Whirling dervish ceremonies were started as a form of meditation by Jalaluddin Rumi, the famous Sufi Muslim mystic and poet, in the 13th century. The Persia-born Rumi — who was living in Konya, then the capital of the Turkish Seljuk Empire — told his followers, “There are many roads which lead to God. I have chosen the one in dance and music.” He would fast, meditate, and then dance to reach a state of unparalleled enlightenment. Inspired, other sects started to spread his dance, called the Samah, throughout the Ottoman Empire. The most renowned sect was the Mevlevi order; dance participants were called Semazen. By the 15th century, the order had established rules for the ritual to maintain its myriad traditions.
Dancers wear long white robes with full skirts, which symbolize the shrouds of their egos, art historian Nurhan Atasoy of the Turkish Cultural Foundation wrote in “Dervis Ceyizi,” her book on dervish clothing. On the dancers’ heads sit tall conical felt hats called sikke, ranging from brown to gray to black depending on their sect; these represent the tombstones of their egos. Over the robes, the dancers wear long dark cloaks, which embody the wearers’ worldly life and are cast-off during the ceremony. When the dancer is finally wearing only his long white robe, he is assumed to be without fault and ready to start the mesmerizing complex whirls that define the Samah.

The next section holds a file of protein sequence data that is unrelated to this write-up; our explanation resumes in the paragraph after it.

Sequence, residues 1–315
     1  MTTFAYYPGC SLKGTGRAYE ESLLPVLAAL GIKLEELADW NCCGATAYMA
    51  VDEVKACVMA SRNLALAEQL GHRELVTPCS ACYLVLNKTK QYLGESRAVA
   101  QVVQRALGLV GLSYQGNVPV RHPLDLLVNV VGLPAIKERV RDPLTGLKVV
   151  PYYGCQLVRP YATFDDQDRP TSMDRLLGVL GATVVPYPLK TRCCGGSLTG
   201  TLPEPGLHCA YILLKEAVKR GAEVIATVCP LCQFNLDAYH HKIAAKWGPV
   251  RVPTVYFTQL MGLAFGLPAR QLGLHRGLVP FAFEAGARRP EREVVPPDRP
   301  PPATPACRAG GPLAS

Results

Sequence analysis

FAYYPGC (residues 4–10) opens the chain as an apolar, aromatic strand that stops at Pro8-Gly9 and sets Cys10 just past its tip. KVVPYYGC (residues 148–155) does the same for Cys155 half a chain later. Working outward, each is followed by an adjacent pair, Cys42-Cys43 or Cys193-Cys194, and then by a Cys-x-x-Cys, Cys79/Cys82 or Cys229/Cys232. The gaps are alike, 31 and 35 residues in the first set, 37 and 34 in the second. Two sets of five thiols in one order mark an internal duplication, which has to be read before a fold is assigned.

The dancers, who fast for many hours before the ceremony, start to turn in rhythmic patterns, using the left foot to propel their bodies around the right foot with their eyes open, but unfocused. Their whirling is fueled by accompanying music, which consists of a singer, a flute-player, a kettle-drummer, and a cymbal player. As the dancers turn, the skirts of their robes rise, becoming circular cones, as if standing in the air of their own volition. A team of researchers found that the edges of spinning skirts experience accelerations “of about four times Earth gravity”, reporting that the skirts “carry cusped wave patterns which seem to defy gravity and common sense.”